Bummer. I decided to check it out anyway. Off the BART, then a quick walk across SoMa, past a place inexplicably selling $18 sandwiches, and finally to the gas station, which looked just like a gas station. Except for the Snitchbot, which patrolled a short looping path around the entrance to its convenience store. Its movements were janky, and it wobbled slightly on the uneven pavement.
I watched it while standing beneath a big billboard for a weed app startup. As people stopped for gas, a few would get out of the cars and rush over for a picture with the robot. One woman passed it on her way into the store, pulling her kid along by the hand. “It’s taking our photo!” she said to a guy nearby, adding sarcastically, “wanna report it for sexual harassment.”
I walked closer to the robot and it stopped in front of me. Was I blocking its way? Or did I appear suspicious? The front of it was smeared with crud. Bird shit caked one of its lenses. And there was a lipstick on its collar. Someone had kissed it.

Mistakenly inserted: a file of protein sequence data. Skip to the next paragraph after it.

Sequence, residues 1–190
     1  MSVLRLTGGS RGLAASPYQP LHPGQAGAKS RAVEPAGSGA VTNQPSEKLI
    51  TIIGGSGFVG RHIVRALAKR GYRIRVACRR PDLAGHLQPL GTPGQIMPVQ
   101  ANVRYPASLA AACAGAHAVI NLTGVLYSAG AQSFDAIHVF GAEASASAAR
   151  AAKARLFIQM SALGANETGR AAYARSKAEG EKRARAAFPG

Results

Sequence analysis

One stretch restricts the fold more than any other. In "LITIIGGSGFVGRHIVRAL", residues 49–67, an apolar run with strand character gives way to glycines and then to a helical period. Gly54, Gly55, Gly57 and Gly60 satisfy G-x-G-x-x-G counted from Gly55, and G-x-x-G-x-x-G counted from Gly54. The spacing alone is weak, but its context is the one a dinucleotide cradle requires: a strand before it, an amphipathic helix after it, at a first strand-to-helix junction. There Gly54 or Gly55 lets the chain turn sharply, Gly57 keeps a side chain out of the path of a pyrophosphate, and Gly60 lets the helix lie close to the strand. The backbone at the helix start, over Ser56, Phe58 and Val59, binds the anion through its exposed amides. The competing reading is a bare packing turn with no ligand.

Clearly, it has fans. After I took a few photos, and it took a few million photos of me, it continued on to watch some other people.
Snitchbots are a novelty now, thankfully, and it’s heartening that their presence still attracts attention. But the frightening nature of this kind of tech is its gradual, almost inevitable normalization, if allowed to proliferate. The livestream was eventually taken down for perceived uneventfulness, after all. It’s easy to imagine in a few years, robots just like K5 crowding our cities, watching our every move. This isn’t paranoid speculation — for grim foreshadowing, just observe the massive surveillance state in China. Their pervasiveness will eventually render them largely invisible. Then, who watches the bot men?